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Five for the 5: Remaining 2018 scholarship posts players

Grandville Calvin Christian’s 6-10 senior Blake Verbeek.

All good things must come to an end. But not quite yet with Michigan’s 2018 class, which isn’t just rich in Big Ten talent but has an abundance of scholarship players for various levels many still uncommitted. Size included. Here are the top five remaining college post prospects in the state’s senior class.

Daniel Cluster  6-10  Sr  Watervliet: The remaining of the West Michigan Lakers’ big three from the AAU season, as Spring Lake’s 6-9 Sam Johnson is going to Claremont McKenna while Wayland’s 6-8 Carter Nyp signed with Cornerstone. In the winter Cluster is the 5 on one of the tallest teams in Class C. Has a go-to half-hook and he’s good at finding mismatches to fire it over. Needs to get taller, wider, stronger with rebounds to keep the Lilliputians away.

Cassius Phillips  6-9  Sr  Lakeland: Double-double machine, including against Purdue-bound Trevion Williams in December. Phillips is the best athlete on the list, also a standout baseball pitcher who on the hardwood can defend the rim and also get out on the floor and makes plays. Rare motor for a high school big. Can still be raw but when it’s clicking is a versatile offensive threat. Compares favorably to Lake Superior State’s four-year starter at center Michael Nicholson.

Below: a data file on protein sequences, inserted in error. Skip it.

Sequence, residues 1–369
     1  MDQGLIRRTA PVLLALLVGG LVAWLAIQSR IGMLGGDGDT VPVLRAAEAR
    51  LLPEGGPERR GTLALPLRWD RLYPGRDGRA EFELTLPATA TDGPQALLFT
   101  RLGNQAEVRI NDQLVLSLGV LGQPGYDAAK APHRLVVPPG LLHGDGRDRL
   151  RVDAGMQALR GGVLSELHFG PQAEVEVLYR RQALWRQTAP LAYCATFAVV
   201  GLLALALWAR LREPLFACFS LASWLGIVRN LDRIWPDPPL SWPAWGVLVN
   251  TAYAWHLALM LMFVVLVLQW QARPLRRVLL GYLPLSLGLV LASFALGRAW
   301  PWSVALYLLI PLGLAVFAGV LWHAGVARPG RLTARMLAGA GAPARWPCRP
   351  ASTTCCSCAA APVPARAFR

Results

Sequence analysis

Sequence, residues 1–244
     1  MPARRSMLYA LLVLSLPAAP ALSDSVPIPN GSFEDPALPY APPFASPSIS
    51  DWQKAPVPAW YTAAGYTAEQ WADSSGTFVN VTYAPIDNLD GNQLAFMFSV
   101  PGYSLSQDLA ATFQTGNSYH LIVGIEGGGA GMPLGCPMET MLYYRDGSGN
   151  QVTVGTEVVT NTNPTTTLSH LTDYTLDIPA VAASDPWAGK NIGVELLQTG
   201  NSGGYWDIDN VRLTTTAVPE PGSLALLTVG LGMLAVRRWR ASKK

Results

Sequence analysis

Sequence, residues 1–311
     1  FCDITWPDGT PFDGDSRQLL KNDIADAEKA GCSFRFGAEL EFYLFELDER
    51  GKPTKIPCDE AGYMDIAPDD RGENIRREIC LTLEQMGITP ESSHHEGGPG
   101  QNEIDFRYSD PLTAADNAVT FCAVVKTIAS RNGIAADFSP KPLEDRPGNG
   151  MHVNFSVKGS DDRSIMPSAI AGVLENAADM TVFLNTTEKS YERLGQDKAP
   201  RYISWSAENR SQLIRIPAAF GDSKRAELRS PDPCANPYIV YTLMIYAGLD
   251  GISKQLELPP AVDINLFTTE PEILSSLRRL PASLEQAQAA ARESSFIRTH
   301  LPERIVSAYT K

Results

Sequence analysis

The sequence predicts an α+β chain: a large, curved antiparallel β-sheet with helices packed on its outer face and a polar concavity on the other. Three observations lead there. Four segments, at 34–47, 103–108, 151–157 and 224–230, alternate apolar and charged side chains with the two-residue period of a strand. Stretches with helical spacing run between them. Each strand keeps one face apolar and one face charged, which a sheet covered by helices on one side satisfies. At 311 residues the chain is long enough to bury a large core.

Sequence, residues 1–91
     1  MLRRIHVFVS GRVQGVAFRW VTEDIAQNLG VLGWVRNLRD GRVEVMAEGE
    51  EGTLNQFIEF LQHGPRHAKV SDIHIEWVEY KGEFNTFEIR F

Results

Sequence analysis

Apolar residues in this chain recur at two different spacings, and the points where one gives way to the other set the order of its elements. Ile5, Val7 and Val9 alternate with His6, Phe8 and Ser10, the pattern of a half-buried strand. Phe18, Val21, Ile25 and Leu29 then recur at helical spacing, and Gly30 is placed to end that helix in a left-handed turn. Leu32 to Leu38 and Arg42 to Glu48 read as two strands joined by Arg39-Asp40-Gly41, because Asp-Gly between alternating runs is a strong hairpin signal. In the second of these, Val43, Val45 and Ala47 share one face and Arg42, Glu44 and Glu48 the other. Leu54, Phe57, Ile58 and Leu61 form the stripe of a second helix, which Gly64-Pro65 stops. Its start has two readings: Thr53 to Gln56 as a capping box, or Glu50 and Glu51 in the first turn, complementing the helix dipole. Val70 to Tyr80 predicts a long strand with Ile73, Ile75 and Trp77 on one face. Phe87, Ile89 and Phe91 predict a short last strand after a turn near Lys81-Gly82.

Jacob Polakovich  6-8  Sr  Grand Rapids Catholic Central: One half of a rare, old school twin towers with 6-10 MSU bound Marcus Bingham. He has a noteworthy improvement arc over his high school career and was able to be a productive role player in the EYBL with Spiece Indy Heat. He has a preferred walk-on invitation to Michigan and there are some similarities to Graham Brown with his production on the glass and physicality. Polakovich has a back-to-basket game and can step out to knock it down from 20. Plays below the rim or would be an obvious D1 guy.

Blake Verbeek  6-10  Sr  Grandville Calvin Christian: The most natural stretch 4 on the list, but with the wingspan to defend the paint — if not the base and strength for it. Which is the rub for Verbeek, as college coaches worry about him not packing on weight. Because the offensive package is largely there, possessing a modern skillset with footwork, handle and shot all high-end for a 6-10 kid. Differentiates from the other three-point shooters on the list because he’s not just a screen/fade threat, but will come off screens himself or catch and shoot from more open sets. Moves well defensively.

Tariq Woody  6-8  Sr  Novi: A transfer from Plymouth. With Woody now eligible and senior point guard Trendon Hankerson back from a broken foot, Novi looks a lot more like the top 10 Class A team many had anointed the Wildcasts in the preseason than the one that went 1-5 in December. Like Polakovich, Woody is strong and playing at closer to a college weight than the other three. Anchors a team like a Brad Stevens center, excelling at “boring” things like rebounding horizontally, hedging on ball screens, playing position defense, piling up garbage points. Has a very easy-looking shot from 3 on the pick-and-pop.

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